Trending News Today: Health Care Reform Proposal Could Increase Uninsured Rate Dramatically
Top news of the day from across the heath care landscape.
A new study reveals that a major health care proposal by Donald Trump would cause approximately 20 million individuals to lose coverage, reported The New York Times. If elected, Trump plans to repeal Obamacare, and replace it with a plan that includes new tax deductions, insurance market changes, and a Medicaid overhaul. One finding revealed that the amount of uninsured individuals in fair or poor health could triple under Trumps presidency, according to the article. The Times estimated that the number of uninsured would rise from about 2.1 million people to between 5.7 and 7.1 million. The result of the health care overhaul by Trump could result in an estimated 45.1 million uninsured people in 2018, an increase of 20.2 million. The analysis was conducted by the global research organization Rand Corporation, which uses computer stimulation to test the potential effects of health care proposals, according to the Times.
Nearly four years after 46-year-old Michigan physician, Hussein Awada, was accused of defrauding Medicare, Medicaid, and Blue Cross Blue Shield of approximately $2.3 million, a settlement has been made. According to The Washington Post, Awada agreed to pay $200,000 to settle the federal lawsuit, which accused him of several wrongdoings, including falsifying records to charge dead patients, subjecting patients to unnecessary tests, and billing for nonexistent office visits. Awada had run a pill mill for nearly 16-months, and distributed tens of thousands of controlled substances and narcotics to individuals who did not need them for medical reasons. The settlement was announced on Wednesday, amid National Heroin and Opioid Awareness Week.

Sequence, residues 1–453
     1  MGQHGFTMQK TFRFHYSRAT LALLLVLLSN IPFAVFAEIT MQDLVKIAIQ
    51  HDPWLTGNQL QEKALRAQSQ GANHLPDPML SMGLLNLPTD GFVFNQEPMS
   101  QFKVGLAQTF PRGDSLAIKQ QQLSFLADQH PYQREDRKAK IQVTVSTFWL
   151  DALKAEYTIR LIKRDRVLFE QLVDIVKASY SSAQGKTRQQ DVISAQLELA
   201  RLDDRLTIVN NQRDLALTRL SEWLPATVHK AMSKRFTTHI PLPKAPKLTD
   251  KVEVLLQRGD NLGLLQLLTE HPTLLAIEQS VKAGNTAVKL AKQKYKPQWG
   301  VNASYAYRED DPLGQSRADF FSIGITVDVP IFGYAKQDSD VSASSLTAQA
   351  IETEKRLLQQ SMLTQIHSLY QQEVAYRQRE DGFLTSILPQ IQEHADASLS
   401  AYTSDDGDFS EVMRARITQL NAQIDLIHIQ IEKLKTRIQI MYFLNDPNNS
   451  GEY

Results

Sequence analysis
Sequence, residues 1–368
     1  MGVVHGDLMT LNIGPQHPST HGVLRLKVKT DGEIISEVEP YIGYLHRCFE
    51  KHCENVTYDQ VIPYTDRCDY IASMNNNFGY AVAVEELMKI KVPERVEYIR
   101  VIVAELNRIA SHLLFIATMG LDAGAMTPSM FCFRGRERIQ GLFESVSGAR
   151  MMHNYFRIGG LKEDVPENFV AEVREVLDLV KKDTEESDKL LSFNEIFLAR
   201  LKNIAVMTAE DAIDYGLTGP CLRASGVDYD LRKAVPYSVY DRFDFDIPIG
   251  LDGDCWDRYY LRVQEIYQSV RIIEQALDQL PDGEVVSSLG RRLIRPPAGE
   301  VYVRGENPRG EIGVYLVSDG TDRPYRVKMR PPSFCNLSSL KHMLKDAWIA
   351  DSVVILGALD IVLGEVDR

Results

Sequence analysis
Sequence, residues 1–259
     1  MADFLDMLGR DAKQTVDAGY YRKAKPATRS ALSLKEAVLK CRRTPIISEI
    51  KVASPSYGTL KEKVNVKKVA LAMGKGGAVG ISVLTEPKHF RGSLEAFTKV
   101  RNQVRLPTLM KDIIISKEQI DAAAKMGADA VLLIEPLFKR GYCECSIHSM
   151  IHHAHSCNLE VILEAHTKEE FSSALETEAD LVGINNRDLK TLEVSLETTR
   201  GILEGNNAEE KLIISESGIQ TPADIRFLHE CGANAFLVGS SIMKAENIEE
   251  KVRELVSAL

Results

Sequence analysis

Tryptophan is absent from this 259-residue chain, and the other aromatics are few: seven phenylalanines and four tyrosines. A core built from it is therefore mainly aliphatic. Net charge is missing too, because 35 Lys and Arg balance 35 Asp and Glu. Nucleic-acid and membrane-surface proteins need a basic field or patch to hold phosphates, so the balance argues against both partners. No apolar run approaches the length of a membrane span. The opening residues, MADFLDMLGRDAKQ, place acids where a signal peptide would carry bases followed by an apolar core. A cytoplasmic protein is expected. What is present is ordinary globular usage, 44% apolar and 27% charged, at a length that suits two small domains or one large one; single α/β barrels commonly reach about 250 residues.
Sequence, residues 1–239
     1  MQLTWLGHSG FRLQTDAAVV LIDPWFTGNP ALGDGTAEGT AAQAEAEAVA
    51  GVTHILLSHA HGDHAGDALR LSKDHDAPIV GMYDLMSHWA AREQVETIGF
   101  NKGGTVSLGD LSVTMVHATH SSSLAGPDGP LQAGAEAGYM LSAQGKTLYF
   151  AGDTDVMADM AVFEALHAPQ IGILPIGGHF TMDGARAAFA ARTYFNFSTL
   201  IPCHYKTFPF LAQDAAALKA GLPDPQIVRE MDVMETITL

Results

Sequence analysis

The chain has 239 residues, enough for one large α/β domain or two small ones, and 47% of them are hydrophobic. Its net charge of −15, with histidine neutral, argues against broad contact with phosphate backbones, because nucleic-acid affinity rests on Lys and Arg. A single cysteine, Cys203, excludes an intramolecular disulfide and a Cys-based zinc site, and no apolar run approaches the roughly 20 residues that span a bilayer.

Rite Aid Corp, whose sales figures fell below Wall Street estimates, blamed much of the pharmacy decrease on generic drugs. Same-store sales decreased 2.5% in the quarter from a year ago, as a 0.1% increase in retail sales was offset by the 3.6% drop in pharmacy sales, according to The Wall Street Journal. Compared with a profit of $21.5 million, or 2-cents a share last year, Rite Aid has reported a profit of $14.8 million, or 1-cents a share on a per-share basis. Rite Aid also cited the pressured reimbursement-rate environment as a contributor to the decrease.